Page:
Lessons Learned the Hard Way: Canadian Angel Investor Reveals His Million-dollar Mistakes

Tuesday’s first GROWtalks event in Montreal was a day filled with growth hacking, metrics, lean analytics, a bit of swearing and invaluable advice based on first-hand experience.

Among many talented speakers the event featured a local angel investor and CEO of Fiveby.tv, Greg Isenberg. A candid Isenberg told the audience about how he lost over $1.5 million dollars over his still-young career building companies.

Below is a recap of his eight biggest mistakes, and what the entrepreneur said he could have done differently.

1. Good copywriting is underrated: Compelling copy is key to conversions and also making your brand human, friendly and fuzzy. Developers can’t write copy that well, that’s what marketers are for.

Lesson: Great copy is a huge differentiator. It connects your audience to your brand and it has a direct impact on retention and engagement.

“Copy is so important because it communicates your vision and helps you solve your products,” said Isenberg. “If you can’t do that right you’ll have little conversion rates and your not going to have a consistent brand image.”

2. Influencers are a big deal: Scale users quickly by onboarding communities. Isenberg worked with schools, trading rooms and blogs. Influencers hold the key to these communities.

Lesson: The best way to onboard influencers is the old school way by building a real relationship. Pick up a phone, email them or best yet, take them out for drinks.

“I love sitting behind a computer because it’s my safe haven, but the truth is that relationships is key to getting these people involved,” he said.

3. How to sell to influencers: Onboarding influencers is more difficult than Isenberg thought and he didn’t make a compelling enough offer to get important influencers involved.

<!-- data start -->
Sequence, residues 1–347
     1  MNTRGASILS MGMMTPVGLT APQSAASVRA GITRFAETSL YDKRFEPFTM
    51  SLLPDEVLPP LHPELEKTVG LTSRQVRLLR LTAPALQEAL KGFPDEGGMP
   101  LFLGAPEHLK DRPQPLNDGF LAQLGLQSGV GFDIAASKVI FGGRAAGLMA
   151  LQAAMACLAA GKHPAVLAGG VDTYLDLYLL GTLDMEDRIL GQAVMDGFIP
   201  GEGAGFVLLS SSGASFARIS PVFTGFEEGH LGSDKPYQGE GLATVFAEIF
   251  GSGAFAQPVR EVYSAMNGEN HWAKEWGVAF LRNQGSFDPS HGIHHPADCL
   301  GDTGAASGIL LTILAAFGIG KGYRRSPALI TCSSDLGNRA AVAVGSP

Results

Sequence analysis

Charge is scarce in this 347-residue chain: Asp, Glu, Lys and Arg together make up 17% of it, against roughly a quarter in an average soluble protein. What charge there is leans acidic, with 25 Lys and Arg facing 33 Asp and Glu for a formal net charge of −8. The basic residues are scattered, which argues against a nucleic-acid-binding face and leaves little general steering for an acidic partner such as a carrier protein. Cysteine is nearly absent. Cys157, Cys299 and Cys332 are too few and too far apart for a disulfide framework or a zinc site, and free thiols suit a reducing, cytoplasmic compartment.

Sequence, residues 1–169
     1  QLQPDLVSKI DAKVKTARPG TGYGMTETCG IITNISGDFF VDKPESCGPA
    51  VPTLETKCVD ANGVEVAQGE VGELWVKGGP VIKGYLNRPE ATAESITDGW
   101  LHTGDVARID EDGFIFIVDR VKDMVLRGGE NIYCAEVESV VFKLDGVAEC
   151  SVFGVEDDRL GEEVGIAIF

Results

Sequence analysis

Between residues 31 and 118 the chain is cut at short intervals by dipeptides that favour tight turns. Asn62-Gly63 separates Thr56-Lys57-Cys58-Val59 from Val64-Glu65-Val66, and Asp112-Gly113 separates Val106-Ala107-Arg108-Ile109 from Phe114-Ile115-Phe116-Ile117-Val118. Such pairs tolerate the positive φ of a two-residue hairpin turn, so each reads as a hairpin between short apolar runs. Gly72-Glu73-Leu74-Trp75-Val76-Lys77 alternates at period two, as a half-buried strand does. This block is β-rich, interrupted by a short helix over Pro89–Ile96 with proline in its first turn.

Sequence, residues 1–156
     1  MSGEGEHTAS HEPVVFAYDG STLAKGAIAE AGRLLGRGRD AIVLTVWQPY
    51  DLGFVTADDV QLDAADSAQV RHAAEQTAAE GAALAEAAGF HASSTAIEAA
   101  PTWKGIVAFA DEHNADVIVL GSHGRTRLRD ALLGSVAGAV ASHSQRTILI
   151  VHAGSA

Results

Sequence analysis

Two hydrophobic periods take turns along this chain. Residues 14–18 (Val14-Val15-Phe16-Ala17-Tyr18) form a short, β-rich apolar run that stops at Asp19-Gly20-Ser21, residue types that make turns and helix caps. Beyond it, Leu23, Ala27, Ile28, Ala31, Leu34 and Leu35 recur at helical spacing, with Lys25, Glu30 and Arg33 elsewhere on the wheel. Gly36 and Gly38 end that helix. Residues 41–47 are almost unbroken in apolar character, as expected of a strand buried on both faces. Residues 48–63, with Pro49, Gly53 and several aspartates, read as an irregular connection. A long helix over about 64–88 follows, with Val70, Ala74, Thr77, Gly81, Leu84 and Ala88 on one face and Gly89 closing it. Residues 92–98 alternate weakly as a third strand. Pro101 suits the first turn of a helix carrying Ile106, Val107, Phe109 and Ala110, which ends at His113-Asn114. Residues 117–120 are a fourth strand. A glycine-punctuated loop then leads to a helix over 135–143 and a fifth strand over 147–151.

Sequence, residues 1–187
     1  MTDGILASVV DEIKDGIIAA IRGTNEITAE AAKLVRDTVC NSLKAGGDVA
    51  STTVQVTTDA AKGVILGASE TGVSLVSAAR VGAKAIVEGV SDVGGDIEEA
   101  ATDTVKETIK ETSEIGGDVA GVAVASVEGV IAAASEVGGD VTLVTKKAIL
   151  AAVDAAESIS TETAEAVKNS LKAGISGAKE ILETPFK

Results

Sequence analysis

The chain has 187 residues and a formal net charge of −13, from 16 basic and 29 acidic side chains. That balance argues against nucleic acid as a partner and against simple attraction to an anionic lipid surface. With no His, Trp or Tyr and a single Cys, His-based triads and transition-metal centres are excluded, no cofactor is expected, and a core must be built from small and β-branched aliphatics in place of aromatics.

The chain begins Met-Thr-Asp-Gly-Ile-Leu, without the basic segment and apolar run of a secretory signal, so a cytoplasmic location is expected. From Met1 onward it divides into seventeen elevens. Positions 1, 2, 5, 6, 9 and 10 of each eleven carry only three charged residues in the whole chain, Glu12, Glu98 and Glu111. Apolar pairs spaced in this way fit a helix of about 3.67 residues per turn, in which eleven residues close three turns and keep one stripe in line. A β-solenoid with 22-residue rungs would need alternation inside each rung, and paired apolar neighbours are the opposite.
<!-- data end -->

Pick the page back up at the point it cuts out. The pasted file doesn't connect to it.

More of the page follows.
Lesson: Influencers love feeling special, so the best way to get them involved is to make them feel like they’re very important. Tell them their content is the best and that you want it to be front and centre.

4. Ride those waves: New technology opens up opportunities for disruption, like iOS and the app ecosystem, CSS3, HTML5, etc.

“When you’re focusing on your business keep an eye out for the bigger picture, and not just in terms of the competitors,” said Isenberg. “How does the emergence of a new technology impact your business and how does that create opportunity?”

Lesson: Always question how outside innovations can provide opportunities for you to grow your business.

5. Distribution, distribution, distribution: Strategic alliances with partners helps create value-add for their user base and helps you get traffic (and SEO juice).

Lesson: Embeddable widgets that allow users to distribute content across the web are particularly powerful when it’s the strategic partner’s content. “Find your most compelling feature that can be embeddable and do deals.”

6. Create exclusivity, urgency and scarcity: Who says fear of missing out doesn’t exist on the web? Invite-only increases hype and word of mouth and people like to be a part of an exclusive club.

Lesson: Emulate a land grab by providing users the ability to claim “land” on a first-come-first-serve basis (ex: About.me’s vanity URL registration before launch).

7. The dos and don’ts at conferences: Isenberg launched one of his previous startups at Finovate ’11 NYC. The team rushed the launch and built features that were cool to demo but not valuable to customers. Instead of building strong products and widgets that would have provided them with solid SEO the team invested in a mascot during what would turn out to be a very unmemorable weekend.

Lesson: Launching at conferences, although it might be good for morale, PR and setting a date to launch, is not always good for the company. Only launch at a conference if it coincides with your product roadmap.

8. Become a viral baker: Just as design and development have processes, so should growth hacking. User acquisition shouldn’t be an afterthought to product development.

Lesson: the most beautiful products don’t win, it’s the one’s that are marketing machines from the core.